Title: The Boys of Summer

Author: Roger Kahn

Pages: 456

Buy it here


Roger Kahn’s The Boys of Summer doubles as one of the greatest books ever written about baseball and the memoir of a sportswriter. Kahn probably resents having his book thought of as two separate entities -- he says as much in the epilogue of a later printing -- but there are two stories here.


The first is of a boy growing into a baseball fan despite a mother who saw the sport as beneath him. His father nurtured Kahn’s love for the sport, namely the local Brooklyn Dodgers. Kahn grows into a Dodgers fan and eventually becomes a sportswriter covering the team. He tells of his progression as a journalist, starting at the lowest rung of being a copyboy and moving toward a respected sports columnist.


Following that are several chapters about the heroes of his childhood and many of those around him. Kahn finds and writes what happened to players like Pee Wee Reese, Jackie Robinson and Preacher Roe after they retired. It is a beautiful final hurrah for the Dodgers, an excellent way to bring together the Bums once more. Fans from that era learn what happened to the ballplayers that seemed larger than life. (Duke Snider, for example, becomes an avocado farmer.)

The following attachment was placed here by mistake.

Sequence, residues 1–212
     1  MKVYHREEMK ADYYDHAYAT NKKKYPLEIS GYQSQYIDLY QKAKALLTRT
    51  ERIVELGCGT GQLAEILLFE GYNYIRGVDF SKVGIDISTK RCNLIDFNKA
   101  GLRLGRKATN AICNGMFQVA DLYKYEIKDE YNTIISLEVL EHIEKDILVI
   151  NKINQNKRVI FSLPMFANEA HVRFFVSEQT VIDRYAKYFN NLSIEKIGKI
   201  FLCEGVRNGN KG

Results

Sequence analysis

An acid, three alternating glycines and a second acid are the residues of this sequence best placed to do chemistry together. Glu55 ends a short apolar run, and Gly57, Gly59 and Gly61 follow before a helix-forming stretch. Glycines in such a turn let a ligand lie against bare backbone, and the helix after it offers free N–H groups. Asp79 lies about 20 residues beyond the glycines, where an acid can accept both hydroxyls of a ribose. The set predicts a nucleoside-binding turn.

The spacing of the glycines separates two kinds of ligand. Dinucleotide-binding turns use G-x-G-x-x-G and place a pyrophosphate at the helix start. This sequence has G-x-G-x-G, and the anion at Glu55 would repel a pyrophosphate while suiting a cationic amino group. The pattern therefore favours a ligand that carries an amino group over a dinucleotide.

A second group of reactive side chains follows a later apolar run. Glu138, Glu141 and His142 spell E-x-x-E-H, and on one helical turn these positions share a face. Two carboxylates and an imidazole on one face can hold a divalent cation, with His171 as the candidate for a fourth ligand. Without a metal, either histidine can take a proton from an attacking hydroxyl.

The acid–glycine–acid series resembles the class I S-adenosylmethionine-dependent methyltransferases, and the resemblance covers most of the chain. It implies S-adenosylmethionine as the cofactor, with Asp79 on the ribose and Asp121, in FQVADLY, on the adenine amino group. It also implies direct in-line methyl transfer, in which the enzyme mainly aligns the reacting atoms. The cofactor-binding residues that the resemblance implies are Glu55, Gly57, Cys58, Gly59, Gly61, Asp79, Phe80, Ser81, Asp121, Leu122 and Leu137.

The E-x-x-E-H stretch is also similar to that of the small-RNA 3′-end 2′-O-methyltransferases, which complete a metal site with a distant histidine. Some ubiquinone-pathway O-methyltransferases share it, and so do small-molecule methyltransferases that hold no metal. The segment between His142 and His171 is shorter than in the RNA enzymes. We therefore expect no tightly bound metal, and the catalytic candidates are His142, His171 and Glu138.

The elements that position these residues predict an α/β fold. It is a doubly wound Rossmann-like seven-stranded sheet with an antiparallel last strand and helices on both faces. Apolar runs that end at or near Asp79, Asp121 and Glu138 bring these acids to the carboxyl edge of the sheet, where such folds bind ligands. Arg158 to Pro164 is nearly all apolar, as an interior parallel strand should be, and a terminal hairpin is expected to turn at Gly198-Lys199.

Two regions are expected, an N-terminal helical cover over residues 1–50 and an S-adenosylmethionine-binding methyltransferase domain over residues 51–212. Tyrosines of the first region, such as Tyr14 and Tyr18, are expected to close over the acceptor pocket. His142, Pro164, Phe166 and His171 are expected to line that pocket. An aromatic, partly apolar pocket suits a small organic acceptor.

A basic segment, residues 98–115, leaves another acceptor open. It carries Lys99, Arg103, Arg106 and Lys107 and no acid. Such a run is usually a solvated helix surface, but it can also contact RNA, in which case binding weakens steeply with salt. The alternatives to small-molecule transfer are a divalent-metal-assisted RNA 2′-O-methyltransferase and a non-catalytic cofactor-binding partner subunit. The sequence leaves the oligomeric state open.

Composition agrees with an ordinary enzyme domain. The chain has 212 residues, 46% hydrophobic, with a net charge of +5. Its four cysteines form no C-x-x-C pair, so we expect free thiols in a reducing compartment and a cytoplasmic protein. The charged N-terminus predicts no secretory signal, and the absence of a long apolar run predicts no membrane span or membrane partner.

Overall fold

Kahn’s excellent reporting comes through in this latter section. He isn’t some sportswriter making a few phone calls to catch up. Rather, Kahn shows he actually remembers and cares for these players by the in-depth questions he asks. He learns what any fan would want to know.


There is a lot to enjoy about the writing. Kahn’s prose is excellent, and readers easily flow through the pages. Even though The Boys of Summer is more than 450 pages, it is a quick read. Baseball fans will truly enjoy the revelations, the insight and the story.


Readers will be glad to have The Boys of Summer, even if they aren’t Dodgers fans. This is a must-own book for any fan and earns a perfect four out of four on the rating scale. grades books with the following system:

Four Balls: An exceptional book that truly earns a walk straight to the local book story to get a copy.

Three Balls: This book stands out from its peers and is highly recommended.

Two Balls: A book worth reading/owning and is usually above average.

One Ball: This book has something to say but is nothing special.